Outcome of climate talks in Poland positive

Outcome of climate talks in Poland positive

Agreement on the issue postponed for a future meeting.

In that context, some observers were cautiously optimistic about the outcome of this week's United Nations climate talks in the city of Katowice.

The deal between the agreement's almost 200 participating countries came after an all-night negotiating session at the COP24 conference in Katowice, Poland.

Michal Kurtyka, a Polish official chairing the talks in Katowice, sealed the deal yesterday after diplomats and ministers from nearly 200 countries approved. "We demand justice in order to survive".

The talks took place against a backdrop of growing concern among scientists that global warming is proceeding faster than governments are responding to it.

The final text adopted by the conference also falls short of endorsing a report by Intergovernmental Panel on Climate Change (IPCC) about the devastating effects of even 1.5 Celsius degrees of global warming which requires specific reductions in greenhouse gas emissions by 2030.

But environmental groups said the package agreed in the Polish mining city of Katowice lacked the bold ambition needed to protect states already dealing with devastating floods, droughts and extreme weather made worse by climate change.

The United States as well as Saudi Arabia, Russia and Kuwait blocked official acceptance of a report in October warning of the dangers of not doing anything and instead backs fossil fuels.

The United Nations' COP24 event was originally scheduled to end on Friday. Among these issues is how to create a functioning carbon credit market.

Dubbed the "Zombie of Kyoto" by some, it pits emerging economies such as Brazil, which amassed large piles of carbon credits under the 1997 treaty's rules, against industrialized blocs like the European Union, which believe the older credits aren't worth the paper they were printed on.

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After 22 matches without losing, we were still only fifth and that is because of the levels of the other teams". Our game today was similar to what we played before, but the result was different".

Climate-vulnerable nations were also hoping to get some visibility on what happens after 2025, when the US$100 billion pledge expires, as well as on vaguely worded commitments to provide a separate stream of money - under the heading "loss and damage" - to help cope with climate impacts here and now.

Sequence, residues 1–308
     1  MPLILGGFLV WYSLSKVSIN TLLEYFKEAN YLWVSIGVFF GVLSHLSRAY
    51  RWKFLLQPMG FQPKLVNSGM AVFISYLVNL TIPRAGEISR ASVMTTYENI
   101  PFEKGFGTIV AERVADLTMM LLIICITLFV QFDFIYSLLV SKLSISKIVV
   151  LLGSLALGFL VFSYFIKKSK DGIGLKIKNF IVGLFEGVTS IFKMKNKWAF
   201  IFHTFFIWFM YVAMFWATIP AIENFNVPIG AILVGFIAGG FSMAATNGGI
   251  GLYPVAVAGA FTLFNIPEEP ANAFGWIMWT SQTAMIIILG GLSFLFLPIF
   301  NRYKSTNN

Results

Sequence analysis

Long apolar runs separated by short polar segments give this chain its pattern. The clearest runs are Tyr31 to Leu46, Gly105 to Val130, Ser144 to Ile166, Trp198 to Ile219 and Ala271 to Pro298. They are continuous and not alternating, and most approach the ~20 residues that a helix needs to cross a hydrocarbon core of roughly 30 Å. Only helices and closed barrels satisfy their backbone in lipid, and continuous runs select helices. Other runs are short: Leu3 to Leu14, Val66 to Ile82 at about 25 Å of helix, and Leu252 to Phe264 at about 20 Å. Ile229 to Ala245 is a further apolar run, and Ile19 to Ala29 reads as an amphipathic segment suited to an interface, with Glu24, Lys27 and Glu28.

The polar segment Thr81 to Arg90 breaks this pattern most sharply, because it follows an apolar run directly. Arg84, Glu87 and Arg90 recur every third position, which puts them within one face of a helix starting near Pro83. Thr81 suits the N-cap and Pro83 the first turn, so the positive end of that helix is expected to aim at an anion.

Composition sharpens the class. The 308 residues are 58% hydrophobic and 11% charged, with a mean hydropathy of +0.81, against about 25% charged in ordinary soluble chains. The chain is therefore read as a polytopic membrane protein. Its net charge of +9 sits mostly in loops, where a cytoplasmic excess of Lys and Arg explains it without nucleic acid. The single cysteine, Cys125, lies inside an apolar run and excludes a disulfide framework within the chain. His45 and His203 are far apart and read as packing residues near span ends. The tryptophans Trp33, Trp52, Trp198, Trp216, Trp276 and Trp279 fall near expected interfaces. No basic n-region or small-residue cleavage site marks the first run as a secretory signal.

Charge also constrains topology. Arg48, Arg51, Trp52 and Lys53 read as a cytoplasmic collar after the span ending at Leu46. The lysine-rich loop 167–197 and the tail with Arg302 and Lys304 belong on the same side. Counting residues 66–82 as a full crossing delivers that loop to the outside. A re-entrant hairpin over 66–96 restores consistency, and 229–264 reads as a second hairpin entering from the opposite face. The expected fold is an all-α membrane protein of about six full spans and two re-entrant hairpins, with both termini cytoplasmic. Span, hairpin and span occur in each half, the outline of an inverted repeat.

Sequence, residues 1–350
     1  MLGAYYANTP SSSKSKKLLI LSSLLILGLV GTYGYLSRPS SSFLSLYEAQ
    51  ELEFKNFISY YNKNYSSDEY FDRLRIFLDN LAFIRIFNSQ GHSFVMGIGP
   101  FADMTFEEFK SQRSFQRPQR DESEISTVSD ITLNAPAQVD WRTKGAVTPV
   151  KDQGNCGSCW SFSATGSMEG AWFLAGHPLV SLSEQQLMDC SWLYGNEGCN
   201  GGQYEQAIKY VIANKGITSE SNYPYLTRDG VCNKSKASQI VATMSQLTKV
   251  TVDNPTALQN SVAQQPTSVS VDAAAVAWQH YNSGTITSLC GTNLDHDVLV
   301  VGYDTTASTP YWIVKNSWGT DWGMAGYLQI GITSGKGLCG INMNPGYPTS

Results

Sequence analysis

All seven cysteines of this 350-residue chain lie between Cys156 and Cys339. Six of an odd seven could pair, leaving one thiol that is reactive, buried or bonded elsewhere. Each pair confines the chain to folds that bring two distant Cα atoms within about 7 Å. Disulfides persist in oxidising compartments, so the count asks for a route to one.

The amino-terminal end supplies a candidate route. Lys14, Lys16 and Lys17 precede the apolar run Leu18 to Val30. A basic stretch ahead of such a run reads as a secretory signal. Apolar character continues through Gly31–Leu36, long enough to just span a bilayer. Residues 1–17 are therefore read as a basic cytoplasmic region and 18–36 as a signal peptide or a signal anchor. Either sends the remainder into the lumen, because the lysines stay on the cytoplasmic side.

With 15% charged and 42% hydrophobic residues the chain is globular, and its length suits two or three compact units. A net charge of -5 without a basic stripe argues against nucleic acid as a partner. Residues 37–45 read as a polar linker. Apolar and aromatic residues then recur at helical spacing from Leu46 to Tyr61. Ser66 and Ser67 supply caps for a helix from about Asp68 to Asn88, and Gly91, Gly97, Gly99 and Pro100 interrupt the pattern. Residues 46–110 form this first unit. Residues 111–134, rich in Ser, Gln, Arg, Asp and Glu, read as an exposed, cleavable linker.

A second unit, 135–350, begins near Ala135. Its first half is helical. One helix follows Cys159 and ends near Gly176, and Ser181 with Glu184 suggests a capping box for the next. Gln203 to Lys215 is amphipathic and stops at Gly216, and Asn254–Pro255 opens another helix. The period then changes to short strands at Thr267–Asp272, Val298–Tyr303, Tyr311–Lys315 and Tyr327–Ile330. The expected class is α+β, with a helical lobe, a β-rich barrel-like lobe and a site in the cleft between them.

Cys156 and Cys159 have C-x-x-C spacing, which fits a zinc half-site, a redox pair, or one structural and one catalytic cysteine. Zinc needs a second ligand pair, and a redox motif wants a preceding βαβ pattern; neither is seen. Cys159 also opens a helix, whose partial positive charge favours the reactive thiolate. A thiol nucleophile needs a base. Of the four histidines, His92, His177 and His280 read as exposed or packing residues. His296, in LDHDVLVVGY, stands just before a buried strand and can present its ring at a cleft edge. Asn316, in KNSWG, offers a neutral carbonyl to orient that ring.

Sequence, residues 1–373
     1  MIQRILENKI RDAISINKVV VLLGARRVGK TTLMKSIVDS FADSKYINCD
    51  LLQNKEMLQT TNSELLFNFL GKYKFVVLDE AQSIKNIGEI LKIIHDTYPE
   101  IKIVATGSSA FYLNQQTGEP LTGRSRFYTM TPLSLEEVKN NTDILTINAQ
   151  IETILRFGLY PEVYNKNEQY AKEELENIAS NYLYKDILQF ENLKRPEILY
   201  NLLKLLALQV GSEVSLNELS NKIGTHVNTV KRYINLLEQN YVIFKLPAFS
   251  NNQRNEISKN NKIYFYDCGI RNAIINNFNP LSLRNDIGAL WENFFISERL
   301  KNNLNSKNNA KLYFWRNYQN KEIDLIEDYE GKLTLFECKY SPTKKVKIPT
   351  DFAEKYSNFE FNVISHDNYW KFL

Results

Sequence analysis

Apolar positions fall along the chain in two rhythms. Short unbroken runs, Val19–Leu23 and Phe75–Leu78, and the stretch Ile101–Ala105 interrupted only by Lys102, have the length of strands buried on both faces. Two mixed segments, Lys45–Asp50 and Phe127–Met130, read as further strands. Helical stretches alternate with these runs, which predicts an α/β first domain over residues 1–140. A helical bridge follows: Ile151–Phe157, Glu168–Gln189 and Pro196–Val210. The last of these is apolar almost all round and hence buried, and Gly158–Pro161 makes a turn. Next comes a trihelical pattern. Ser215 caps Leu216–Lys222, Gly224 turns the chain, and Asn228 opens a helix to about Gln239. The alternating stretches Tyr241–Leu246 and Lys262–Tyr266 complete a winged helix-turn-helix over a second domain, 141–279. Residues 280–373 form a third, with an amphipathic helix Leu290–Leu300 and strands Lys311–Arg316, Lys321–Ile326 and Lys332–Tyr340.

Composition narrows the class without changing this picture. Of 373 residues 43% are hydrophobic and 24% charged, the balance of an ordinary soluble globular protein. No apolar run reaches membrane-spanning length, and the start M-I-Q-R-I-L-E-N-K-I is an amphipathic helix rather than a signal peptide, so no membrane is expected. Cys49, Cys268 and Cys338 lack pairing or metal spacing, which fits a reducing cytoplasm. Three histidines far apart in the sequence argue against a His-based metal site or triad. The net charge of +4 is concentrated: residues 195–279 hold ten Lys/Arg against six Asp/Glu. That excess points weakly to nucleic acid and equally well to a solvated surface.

"Transparency is vital to U.S. interests", added Nathaniel Keohane, a climate policy expert at the Environmental Defence Fund. He noted that breakthrough in the 2015 Paris talks happened only after the USA and China agreed on a common framework for transparency.

"We need to avoid straying from the principles and spirit of the Paris Agreement".

SALVATORE DI NOLFI/CP Demonstrations in Geneva, Switzerland on December 8 2018.

Nearly 200 nations, including the world's top greenhouse gas producers, China and the United States, have adopted a set of rules meant to breathe life into the 2015 Paris climate accord by setting out how countries should report their emissions and efforts to reduce them. This reflects the standpoint of the industrialized nations.

Climate activists say the Katowice rulebook is only a first step, as good policies and strong enforcement by governments are the key to securing climate goals.

"But the fact countries had to be dragged kicking and screaming to the finish line shows that some nations have not woken up to the urgent call of the IPCC report [on the consequences of global warming]".

"Putting together the Paris agreement work programme is a big responsibility", said COP24 president Michal Kurtyka as he gavelled through the deal after talks in Poland that ran deep into overtime.

Countries are now looking to a United Nations summit next September in NY, where Secretary-General Antonio Guterres has called on national governments to announced new, more stringent targets for reducing GHG emissions.

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